We started our Tuesday with a breakfast meeting, sharing the lessons learned yesterday. As we departed the hotel early, Darril explained the day’s full schedule. The group was in high spirits with good weather and what promised to be another great learning day.
Arriving at Toyota Tsutsumi plant, we met Miss. Hana Takeda, who guided us for the plant tour. The facility produces 5 models, mainly Prius, Camry and Allion (40% is for exportation). It has 6000 employees, with 1000 temporary workers and the plant produces 420.000 units per year. The size of the factory is1.140.000 m2, and it is the mother plant of the Georgetown, Kentucky plant. The main processes are Stamping, Welding, Painting, Assembling and Final Inspection, which were explained careful by Hana-san.
The first impression was a very fast rhythm of work. Actually, this plant has 2 production lines, where at the first line it produces 4 different models with a Takt Time of 70 seconds per vehicle, and another line works with Takt Time of 64 seconds per vehicle. What stands out is your ability to see the harmony and synchronized pace of activities that each person and machines are executing through the process, even in the same line it is passing different color of cars, right and left handle handed drive cars.
Hana-san showed and explained about the Andon system which workers push the “call button” and then at a big panel on the roof shows which production line process has problem (highlighted with a yellow light), also, it plays a music. Each team has different music. The speed of reaction time of team leaders coming to fix the problems was very impressive. In a few seconds, the Andon light goes green (which means OK situation) and the line starts to move again in normal pace. If the they could not solve the problem, the light becomes red and the line stops. They are in 96% of operating rate, considering those line stops. Also, she explained the Kanban system, showing the area where parts of a car are collected into a kits. These kits are placed just according to production sequence. The kits are replenished via kanban card in Just-in-Time principle (making what is needed, when is needed, in the amount needed. Also, kanban cards are sent electronically to suppliers to replenish the parts.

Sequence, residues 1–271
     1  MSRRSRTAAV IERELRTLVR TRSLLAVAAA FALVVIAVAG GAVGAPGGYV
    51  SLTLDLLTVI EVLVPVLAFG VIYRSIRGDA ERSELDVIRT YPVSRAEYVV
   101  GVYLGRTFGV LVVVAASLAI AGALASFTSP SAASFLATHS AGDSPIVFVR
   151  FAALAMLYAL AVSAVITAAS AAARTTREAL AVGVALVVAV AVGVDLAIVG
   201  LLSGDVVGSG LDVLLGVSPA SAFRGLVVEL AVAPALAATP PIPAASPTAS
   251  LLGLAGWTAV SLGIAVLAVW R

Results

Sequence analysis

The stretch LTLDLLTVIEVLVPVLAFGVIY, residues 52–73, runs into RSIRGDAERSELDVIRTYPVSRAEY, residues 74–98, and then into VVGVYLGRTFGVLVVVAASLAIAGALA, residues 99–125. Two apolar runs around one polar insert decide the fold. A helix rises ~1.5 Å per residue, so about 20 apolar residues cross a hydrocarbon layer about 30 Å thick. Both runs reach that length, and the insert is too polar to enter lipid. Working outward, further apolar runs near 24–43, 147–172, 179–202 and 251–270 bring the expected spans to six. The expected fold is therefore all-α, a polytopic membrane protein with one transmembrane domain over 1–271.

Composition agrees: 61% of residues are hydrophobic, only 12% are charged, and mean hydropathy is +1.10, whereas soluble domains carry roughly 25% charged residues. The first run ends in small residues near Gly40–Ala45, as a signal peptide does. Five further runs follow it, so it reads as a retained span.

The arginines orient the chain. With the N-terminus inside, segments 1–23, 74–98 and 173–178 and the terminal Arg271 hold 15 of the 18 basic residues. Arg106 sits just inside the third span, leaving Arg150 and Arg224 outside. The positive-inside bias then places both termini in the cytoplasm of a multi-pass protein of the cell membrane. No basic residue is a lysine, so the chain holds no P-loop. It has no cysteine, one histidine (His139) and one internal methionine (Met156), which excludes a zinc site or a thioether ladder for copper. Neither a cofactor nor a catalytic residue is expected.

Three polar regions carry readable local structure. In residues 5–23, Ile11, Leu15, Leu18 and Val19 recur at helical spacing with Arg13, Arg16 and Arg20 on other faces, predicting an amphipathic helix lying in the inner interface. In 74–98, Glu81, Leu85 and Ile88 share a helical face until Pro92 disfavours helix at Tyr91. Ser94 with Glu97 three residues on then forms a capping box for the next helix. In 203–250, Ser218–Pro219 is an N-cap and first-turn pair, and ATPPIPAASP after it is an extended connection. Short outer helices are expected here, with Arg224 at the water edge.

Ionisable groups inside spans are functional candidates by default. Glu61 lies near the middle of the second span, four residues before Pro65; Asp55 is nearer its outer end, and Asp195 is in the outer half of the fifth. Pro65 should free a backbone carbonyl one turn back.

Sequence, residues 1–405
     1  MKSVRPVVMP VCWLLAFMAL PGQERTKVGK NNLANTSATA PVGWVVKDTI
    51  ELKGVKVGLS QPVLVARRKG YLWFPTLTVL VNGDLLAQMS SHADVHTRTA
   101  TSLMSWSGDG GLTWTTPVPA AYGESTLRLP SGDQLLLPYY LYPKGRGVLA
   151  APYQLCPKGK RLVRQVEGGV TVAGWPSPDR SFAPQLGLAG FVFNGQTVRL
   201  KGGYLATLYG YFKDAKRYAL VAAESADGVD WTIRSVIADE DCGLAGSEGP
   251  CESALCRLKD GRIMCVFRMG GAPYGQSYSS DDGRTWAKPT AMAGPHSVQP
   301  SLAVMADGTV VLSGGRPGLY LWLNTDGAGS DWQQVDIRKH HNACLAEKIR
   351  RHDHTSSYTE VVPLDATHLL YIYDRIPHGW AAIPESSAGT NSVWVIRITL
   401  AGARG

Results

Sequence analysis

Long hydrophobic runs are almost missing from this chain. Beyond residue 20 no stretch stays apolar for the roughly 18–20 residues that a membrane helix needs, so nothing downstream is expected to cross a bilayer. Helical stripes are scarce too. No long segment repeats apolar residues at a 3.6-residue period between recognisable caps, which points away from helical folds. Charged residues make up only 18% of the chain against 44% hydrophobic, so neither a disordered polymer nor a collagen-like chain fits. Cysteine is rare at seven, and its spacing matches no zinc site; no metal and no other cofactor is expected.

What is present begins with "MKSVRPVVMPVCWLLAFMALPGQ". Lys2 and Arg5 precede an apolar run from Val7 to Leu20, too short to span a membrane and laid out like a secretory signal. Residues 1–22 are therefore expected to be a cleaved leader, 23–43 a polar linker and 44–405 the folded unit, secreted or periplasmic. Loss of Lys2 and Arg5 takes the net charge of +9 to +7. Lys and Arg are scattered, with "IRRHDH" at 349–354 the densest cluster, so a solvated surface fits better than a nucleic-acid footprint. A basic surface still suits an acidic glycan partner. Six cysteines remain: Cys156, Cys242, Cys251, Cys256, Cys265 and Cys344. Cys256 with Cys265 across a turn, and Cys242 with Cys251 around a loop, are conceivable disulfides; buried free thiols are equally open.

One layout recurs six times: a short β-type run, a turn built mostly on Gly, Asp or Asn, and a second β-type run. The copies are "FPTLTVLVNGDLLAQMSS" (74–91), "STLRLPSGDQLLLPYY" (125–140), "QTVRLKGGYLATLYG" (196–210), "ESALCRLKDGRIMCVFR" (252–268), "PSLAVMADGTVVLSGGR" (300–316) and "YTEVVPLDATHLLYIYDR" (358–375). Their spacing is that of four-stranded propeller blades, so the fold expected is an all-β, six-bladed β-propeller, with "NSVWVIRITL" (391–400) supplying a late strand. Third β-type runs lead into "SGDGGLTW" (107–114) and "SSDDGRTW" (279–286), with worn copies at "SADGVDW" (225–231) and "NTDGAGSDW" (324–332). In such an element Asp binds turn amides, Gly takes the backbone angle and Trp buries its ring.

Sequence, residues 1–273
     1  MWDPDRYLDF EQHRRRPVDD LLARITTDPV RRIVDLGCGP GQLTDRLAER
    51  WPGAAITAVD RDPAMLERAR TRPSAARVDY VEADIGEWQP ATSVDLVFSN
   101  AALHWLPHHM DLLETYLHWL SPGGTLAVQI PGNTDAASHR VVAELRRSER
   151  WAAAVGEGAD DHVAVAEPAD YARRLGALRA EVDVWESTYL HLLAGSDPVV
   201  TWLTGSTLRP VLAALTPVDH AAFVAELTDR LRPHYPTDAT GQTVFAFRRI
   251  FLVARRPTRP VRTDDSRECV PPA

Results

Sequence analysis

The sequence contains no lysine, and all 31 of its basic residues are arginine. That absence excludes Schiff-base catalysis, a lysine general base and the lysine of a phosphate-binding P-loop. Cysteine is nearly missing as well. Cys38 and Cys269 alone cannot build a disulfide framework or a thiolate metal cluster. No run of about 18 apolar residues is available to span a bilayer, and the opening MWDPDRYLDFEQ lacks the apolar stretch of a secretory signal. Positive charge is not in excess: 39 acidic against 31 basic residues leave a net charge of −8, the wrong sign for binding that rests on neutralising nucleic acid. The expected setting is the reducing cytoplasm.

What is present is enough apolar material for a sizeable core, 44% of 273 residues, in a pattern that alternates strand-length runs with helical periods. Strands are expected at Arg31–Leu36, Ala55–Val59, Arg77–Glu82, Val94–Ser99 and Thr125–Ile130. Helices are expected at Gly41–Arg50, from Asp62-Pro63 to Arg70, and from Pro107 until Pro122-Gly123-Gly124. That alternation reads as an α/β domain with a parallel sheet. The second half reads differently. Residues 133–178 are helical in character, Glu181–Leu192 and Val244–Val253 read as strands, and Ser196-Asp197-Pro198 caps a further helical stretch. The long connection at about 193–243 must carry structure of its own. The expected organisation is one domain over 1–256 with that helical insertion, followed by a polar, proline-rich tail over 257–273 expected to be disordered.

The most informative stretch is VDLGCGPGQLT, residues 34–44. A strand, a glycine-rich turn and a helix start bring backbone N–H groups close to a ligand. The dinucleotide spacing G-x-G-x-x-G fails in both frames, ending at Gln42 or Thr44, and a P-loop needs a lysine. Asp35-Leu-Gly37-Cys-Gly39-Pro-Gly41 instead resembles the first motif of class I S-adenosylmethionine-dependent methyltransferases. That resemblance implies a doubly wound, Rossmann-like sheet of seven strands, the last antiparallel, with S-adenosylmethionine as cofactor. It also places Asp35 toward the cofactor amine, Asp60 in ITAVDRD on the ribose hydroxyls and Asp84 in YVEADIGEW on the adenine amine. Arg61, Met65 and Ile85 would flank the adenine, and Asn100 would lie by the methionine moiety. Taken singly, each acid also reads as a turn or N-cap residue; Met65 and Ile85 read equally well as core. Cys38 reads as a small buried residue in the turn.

Next, we went to final inspection section. For every vehicle, inspectors carefully conduct visual and hand- checked inspection to ensure the quality. Finally, we walked through the Kaizen isle, where best kaizen implemented from 1980 until now was showed in a very visual way. There was also sustainability and eco-mindset activities (cases from 2007 – 2014) recorded on the wall like energy consumption reduction, reforestation activities, installation of solar panels on the roof of the factory capable to produce 2000KW, actions for CO2 emission reduction (-740 ton of CO2/ year). Until 2020 the target is to reduce 57% of CO2 emission. It was the end of the amazing visit.
Hana-san also explained the reasons why the original “Toyoda” family name became Toyota:
- First reason is because Toyoda is written with 10 Japanese kanji lines, which is not a good number in Japanese culture, but “Toyota”, which has 8 kanji lines, is a lucky number in Japan (it`s kanji looks like Mount Fuji).
- Second reason is because “Toyota” sounds better, cleaner than “Toyoda”.
- And the third reason and the most important one is because Kiichiro Toyoda (son of Sakichi Toyoda, founder of Toyoda Loom Works, and president of Toyota Motor from 1941 to 1950) decided to make clear for everyone that Toyota is a company and it is separated with the family Toyoda.